In the near future, while an attempt to stem global warming results in a deadly new ice age. everyone is fighting for one of the few seats on a train destined to contain what’s left of humankind by traversing the world with an inexhaustible energy source. Seventeen years later, the population of passengers is split between the elite who occupy the luxurious first-class carriages at the head of the convoy, and the common people who live in the rear of the train. This is too much for Curtis and Gilliam who are fomenting a revolution whose aim is to take control of the engine, which became a sacred place with time and that only Wilford, the creator of the train, knows how to work.
Assuming you did not stay locked up in a cave the last two years, and since you're interested enough in Korean cinema to read this website, you should definitely have already heard of this film, and if you’re like me currently not staying in Korea, you must be particularly jealous of the lucky people who can already enjoy it this week. The level of expectation is unprecedented in the history of Korean cinema. Let me prove it: it's already been two weeks now that Snowpiercer dominates unofficially (as it’s not released yet) Korean box office with up to 19.3% of tickets sold. This expectation is shared as much by the general Korean public than by local and international critics and film lovers, as director Bong Joon-ho has always managed to associate quality and popular success (Memories of Murder in 2003, The Host in 2006, Mother in 2009). Adapted from the French graphic novel "Le Transperceneige" created in 1983 and discovered by Bong Joon-ho in 2004, it was not until the moment when Park Chan-wook as a producer bought the rights for adaptation that the project was finally launched. We didn't know yet at that time that we would have to wait so long for the shooting to finally happen only last year. I told you two weeks ago that Mr. Go was the most expensive Korean film in history, with $25 million; well it could not maintain this record for a long time since Snowpiercer blithely went beyond with more than $39 million. The production is particularly exceptional because it is co-produced with three countries: the USA, France and the Czech Republic for the filming. The cast is also quite impressive with not only Bong’s favorite actor Song Kang-ho (lead actor in Memories of Murder and The Host), but Chris Evans too, who had featured in The Avengers that was hugely successful in Korea last year. The film's success is already assured with over 170 theaters that got it programmed this week (i.e., almost all theaters of the country), an invasive marketing campaign, and a critical press that has never been so appreciative this year for a local production. And if the Korean profits were not sufficient, let’s not forget that rights for international distribution have been sold to 167 countries, which is as far as I remember a record for a Korean film, and makes it already cover half of the budget.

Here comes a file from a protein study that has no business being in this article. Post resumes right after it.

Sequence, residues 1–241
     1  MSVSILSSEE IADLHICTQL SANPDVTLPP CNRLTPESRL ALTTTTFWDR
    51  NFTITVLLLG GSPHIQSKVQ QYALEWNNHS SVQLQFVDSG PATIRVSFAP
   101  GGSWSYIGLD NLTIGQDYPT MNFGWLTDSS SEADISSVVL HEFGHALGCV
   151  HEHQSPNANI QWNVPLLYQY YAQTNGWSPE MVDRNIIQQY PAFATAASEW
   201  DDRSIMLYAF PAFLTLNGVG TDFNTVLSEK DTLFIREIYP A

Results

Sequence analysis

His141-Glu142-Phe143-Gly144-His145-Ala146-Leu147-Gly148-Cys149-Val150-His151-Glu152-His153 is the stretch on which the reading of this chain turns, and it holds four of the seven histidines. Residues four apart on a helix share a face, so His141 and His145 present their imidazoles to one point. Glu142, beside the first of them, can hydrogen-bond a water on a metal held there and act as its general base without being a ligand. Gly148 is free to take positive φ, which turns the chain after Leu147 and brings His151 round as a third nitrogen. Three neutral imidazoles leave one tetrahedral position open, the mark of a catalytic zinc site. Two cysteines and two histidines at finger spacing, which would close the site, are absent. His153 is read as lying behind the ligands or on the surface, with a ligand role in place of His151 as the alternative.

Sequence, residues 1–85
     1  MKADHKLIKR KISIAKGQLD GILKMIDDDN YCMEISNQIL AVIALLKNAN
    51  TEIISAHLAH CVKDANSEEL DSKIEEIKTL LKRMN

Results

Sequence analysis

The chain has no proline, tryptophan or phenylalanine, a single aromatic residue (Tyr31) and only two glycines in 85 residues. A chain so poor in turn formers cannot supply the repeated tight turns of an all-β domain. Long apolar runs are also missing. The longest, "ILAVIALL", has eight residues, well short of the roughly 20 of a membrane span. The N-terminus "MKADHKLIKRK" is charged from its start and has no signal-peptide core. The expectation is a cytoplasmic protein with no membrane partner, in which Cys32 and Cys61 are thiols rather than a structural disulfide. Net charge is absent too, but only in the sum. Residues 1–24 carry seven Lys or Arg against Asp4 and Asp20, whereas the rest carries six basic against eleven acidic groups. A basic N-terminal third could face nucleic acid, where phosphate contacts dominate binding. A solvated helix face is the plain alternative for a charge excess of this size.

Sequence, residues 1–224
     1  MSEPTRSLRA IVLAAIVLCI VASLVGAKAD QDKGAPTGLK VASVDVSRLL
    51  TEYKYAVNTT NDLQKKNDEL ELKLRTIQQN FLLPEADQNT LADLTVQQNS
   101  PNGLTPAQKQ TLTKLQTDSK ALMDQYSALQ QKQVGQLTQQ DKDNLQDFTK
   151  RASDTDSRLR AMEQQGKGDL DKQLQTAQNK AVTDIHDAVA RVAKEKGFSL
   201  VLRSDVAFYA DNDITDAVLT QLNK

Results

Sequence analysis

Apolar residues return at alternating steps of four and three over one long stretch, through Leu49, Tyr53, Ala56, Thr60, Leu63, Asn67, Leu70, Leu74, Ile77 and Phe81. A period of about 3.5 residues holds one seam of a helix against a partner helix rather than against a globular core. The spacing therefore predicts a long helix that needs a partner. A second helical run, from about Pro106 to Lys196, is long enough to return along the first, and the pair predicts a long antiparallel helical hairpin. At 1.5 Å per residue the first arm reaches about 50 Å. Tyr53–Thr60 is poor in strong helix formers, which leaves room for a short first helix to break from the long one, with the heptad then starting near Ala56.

Watch the international trailer here or read MKC's review by Pierce here.
The Terror Live
(더 테러 라이브)